POTWIN — When it comes to sewing wool, Renata Goossen of Potwin is a master.

The Berean Academy graduate and current Kansas State University student recently won first place in the college division of the national Make It With Wool competition — and this is not the only time she has taken top honors. She also won in 2014 while competing in the junior division.

"I love this contest. I've grown up in it and I believe in it," Goossen said.

The national Make It With Wool competition, which has been held for more than 70 years, is sponsored by the American Sheep Industry Association.

"Wool is no longer what it used to be; it used to be that scratchy material and those ugly sweaters people used to wear," Goossen said. "...You can get tropical weights (of wool) that aren't hot or itchy."

For the contest, competitors must put together an outfit with several pieces made of wool and complete it with matching accessories.

"You have to sew a garment that has 60 percent or greater wool content," Goossen explained.

The contestants are judged on the construction, marketability and modeling of their outfits. They must also be able to answer questions about the wool industry.

"It is a sewing-based contest, but the end goal is the promotion of the material," Goossen said.

Goossen began sewing 10 years ago while in 4-H, learning skills from her mother, who also competed in the MIWW contest when she was young.

"It's a natural fiber, so it's easier to work with than your typical synthetic," Goossen said.

As she progressed, Goossen began doing her own research of tailoring skills to take her creations to the next level.

"It's a lot of shaping and fitting," Goossen said. "It's tailored to the person who is wearing it. It's fascinating to me."

Wool is more costly than other fabrics, but its quality imparts an elegant look.

"The fact that it is a more expensive material, there's a little more pressure to get it right," Goossen said. "...I have to do all my own steaming and pressing of my garments."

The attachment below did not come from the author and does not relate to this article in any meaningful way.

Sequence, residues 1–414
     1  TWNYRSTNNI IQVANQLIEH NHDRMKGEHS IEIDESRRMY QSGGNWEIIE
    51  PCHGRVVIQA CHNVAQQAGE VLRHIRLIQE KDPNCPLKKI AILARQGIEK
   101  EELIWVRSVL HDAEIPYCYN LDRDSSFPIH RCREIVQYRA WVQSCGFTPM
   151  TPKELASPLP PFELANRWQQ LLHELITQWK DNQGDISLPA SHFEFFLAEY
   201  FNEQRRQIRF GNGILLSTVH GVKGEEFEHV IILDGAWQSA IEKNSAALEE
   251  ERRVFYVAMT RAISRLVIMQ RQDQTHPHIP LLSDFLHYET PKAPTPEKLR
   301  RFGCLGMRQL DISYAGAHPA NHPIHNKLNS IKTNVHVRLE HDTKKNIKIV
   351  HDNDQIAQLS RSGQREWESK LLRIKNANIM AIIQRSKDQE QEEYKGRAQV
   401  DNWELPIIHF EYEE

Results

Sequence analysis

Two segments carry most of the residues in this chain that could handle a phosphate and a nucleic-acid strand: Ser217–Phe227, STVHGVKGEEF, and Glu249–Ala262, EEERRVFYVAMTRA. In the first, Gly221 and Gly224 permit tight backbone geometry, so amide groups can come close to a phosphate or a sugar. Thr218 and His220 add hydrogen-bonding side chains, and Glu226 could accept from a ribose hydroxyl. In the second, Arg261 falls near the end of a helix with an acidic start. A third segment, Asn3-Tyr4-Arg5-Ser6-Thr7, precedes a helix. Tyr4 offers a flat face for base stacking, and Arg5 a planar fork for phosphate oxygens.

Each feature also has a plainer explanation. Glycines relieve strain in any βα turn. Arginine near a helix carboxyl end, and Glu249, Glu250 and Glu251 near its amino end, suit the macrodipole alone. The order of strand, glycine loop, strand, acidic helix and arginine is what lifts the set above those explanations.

For this year's competition, Goossen made a shirt, skirt, coat and pair of gloves.

"I always make sure I make garments that can be worn separately because that increases their marketability," Goossen said. "...It was my first attempt at gloves — and probably my last."

Goossen said she was surprised when her name was called out as the winner.

"It was pretty much a wave of relief ... I was extremely honored and overjoyed," Goossen said.

With her win, Goossen was awarded the title of senior ambassador and will spend time promoting wool at conventions, classes and meetings for the rest of the year.

When she served as junior ambassador, Goossen had the dubious honor of attending the Kansas State Fair, wearing her wool outfit in the summer heat.

"It is a commitment to be the winner," Goossen said.

Over her years of competing, Goossen has met and made friends with many other competitors from across the country. She said she is especially close to several individuals from Kansas; some of whom she works with in the university's costume shop.

"People don't sew at this level anymore, especially at my age," Goossen said.

Sheep growers associations from 35 states hold contests and send winners to participate in the national MIWW contest.

"Our Kansas sheep growers are pretty proud of the Make It With Wool program," Goossen said.

For more information about Make It With Wool, visit http://www.kssheep.com/miyww.html.